But because the Son refuses to break that covenant with the Father (and vice versa), and because the covenant pledged the life of those who swore it to keeping the covenant (meaning God is putting up His own self-existent, self-begetting and self-begotten life, not as a risk but as a surety for fulfilling the covenant promise eventually), the Son voluntarily keeps the terms of the covenant on His side of things and dies for other people who actually sin. Doing that is another guarantee that God will fulfill the covenant of the promise; it doesn’t give God an excuse to break the covenant, He’s keeping the covenant in perfect righteousness by dying as the representative of the unrighteous.

That doesn’t automatically make everyone actually righteous, but it does show how far God is committed to keeping the covenant and bringing about the promise of righteousness for all Abraham’s children (i.e. all rational souls). We’re expected to join the Son in voluntary self-sacrifice, too, in a bunch of different ways, but He leads the way as the captain of the atonement reconciling us to God, and He’s just as committed to leading us to cooperative righteousness with Himself someday as He was committed to dying to keep the covenant for our sakes – and just as committed to keep on self-existing for that matter!

So it isn’t like standard PSA where God is picced and Jesus volunteers to take God’s wrath instead of us and the sinner meanwhile goes scot-free. The Father isn’t angry at the Son at all, and we’re supposed to cooperatively share in the death of the Son to keep the covenant, which He has already shared (and from an eternal perspective always shares) with us.

(I also talk about some of this and chew over the linguistic difficulties of the 2 Cor verse in a recent post where DaveB asked whether the grammar of the term helped solve anything? I don’t think it does by the way. :wink: Grammatically it would probably read that God makes Christ sin or into sin; but Hebrews 10 definitely means Christ sacrificed Himself as a sin-offering. So there’s good reason from extended context, plus avoidance of an obvious immediate contradiction, to expect Paul means a sin-offering here, too, even though the usual Greek phrasing for a sin offering, which Paul is aware of and uses in Romans, isn’t used here.)

Okay JP, you post all this great stuff from which I benefit much, and now I’m going to question one little phrase (Grandma: “You’re pickin’ the fly poop out of the pepper.” Grandma was a deep one) It makes me feel all nit-picky, but hey…

Anyway, here’s the phrase:
“(meaning at least two persons of YHWH had to be making the covenant, one filling in for Abraham as his descendant…)”?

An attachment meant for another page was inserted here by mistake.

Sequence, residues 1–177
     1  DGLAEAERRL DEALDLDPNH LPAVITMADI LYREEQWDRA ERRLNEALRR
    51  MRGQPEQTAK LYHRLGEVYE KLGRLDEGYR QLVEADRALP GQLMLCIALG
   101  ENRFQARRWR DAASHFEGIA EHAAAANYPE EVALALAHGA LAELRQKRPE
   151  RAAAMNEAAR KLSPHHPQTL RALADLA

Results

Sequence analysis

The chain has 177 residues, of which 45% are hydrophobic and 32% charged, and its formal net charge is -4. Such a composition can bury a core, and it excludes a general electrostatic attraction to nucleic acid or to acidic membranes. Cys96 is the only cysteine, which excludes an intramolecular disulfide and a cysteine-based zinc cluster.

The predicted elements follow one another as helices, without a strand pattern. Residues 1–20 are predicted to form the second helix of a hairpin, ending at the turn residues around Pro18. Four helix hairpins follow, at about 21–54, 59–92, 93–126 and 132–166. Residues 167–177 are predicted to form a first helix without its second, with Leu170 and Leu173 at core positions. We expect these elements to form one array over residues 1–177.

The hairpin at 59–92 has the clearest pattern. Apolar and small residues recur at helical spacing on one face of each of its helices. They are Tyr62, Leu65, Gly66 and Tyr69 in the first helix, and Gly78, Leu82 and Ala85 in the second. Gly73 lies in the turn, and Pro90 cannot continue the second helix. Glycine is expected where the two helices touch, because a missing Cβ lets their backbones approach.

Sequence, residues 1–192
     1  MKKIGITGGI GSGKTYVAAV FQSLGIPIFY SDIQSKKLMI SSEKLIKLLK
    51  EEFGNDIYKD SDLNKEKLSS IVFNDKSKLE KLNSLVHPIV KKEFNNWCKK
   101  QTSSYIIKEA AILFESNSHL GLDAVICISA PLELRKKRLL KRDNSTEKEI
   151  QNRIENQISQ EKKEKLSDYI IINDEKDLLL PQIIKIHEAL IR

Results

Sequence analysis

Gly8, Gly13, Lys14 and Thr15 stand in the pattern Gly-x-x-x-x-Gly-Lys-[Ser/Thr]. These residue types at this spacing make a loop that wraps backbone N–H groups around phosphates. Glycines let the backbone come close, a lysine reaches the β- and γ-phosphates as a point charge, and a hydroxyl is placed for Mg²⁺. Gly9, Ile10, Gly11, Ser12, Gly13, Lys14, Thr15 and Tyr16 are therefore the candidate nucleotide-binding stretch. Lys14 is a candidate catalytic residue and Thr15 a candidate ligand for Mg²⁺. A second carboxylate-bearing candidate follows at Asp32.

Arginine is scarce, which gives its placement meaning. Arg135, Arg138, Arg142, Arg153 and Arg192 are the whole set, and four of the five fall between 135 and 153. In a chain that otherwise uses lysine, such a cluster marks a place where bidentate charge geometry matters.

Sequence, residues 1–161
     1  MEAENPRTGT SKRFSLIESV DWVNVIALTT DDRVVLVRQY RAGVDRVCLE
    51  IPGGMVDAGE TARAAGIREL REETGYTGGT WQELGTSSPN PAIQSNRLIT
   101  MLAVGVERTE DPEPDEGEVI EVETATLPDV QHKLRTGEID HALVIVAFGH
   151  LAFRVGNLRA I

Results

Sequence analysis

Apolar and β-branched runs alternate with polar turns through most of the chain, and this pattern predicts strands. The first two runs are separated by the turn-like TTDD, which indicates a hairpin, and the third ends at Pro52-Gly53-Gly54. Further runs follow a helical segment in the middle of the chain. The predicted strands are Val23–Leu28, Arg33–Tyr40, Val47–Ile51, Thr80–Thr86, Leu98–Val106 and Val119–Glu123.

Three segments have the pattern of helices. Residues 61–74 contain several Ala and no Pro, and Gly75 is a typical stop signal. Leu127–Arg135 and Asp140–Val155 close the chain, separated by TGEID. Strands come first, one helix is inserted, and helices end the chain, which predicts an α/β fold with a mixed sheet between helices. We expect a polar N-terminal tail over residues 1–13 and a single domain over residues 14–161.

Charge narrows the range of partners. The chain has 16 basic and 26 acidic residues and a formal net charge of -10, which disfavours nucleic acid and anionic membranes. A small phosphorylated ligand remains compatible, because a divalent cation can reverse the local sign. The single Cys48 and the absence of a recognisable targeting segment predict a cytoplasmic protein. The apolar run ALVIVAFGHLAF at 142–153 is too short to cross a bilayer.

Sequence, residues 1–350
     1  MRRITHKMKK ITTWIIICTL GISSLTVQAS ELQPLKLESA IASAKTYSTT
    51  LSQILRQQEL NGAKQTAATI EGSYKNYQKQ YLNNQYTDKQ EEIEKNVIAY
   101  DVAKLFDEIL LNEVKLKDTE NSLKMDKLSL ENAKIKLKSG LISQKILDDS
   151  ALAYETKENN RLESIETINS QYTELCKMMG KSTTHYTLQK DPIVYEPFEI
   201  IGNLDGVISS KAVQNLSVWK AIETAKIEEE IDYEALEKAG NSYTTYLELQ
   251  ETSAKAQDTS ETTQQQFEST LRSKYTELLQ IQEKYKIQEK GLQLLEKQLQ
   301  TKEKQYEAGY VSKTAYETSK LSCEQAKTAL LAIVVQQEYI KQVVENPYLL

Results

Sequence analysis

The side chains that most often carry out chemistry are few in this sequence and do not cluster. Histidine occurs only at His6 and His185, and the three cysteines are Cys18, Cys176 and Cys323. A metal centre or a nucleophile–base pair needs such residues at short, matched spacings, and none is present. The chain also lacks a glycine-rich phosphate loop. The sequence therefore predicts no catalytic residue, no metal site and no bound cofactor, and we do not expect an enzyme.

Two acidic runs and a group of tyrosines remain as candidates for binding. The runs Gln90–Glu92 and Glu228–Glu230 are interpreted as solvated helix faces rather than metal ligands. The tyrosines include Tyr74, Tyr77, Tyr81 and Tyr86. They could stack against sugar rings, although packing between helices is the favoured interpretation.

I’m not sure, but let me dig out my copy of O. Palmer Robertson’s book Covenants - an excellent short treatment of the subject - I think he addresses this matter of Abraham not passing through - let me get back to you on that. If I can find the book.

It does seem like a stretch to be reading trin…I mean, Trinitarian :wink: theology back into this, though. I’ll re-read your post and see if the shoe drops for me.


This is really great, thanks so much for taking the time to explain it. I confess the OT covenants, and how they are fulfilled in the NT, is a subject I am woefully ignorant of. One of these days I will get round to exploring the whole subject properly :smiley: .

I need to spend a bit of time reading over the other posts you reference before I can comment properly. But just for now, I wanted to highlight what you say here:

I really like this, for a number of reasons. It addresses a subject I’ve always struggled with (in orthodox terms) - imputed righteousness. I still don’t understand this, but what I do understand, I think, is that God doesn’t simply ‘ascribe’ Abraham’s righteousness to everyone who ‘believes’ in some kind of facile transaction, the corollary being that all our sins are somehow ‘ascribed’ to Christ in some kind of balancing pay-off. I’m pretty sure GMac dismantled this view of the atonement in Justice, although I haven’t checked back on it.

I also really like the way you express our role in this. We are expected to join the Son in voluntary self-sacrifice, with Him as the captain leading the way. This really resonates with me. And it makes sense out of verses such as “work out your own salvation with fear and trembling”. Yes, ontological salvation is wholly a work of God’s grace; but yes too we must be active participants in the ongoing process of noological salvation, until we finally attain sacramental salvation in the beatific vision.

And I thirdly really like it :smiley: because it puts the focus firmly on Jesus becoming incarnate to save us from our sins - the power of sin in our lives - as opposed to the church’s woeful focus on helping us escape the consequences of sin, ie hell.

Or have I missed the point entirely? :smiley:


Butting in: I like the way Francis Schaeffer organized things with the two parts of his book on true spirituality: 1 - Freedom now from the bonds of sin and 2 - freedom now from the results of the bonds of sin.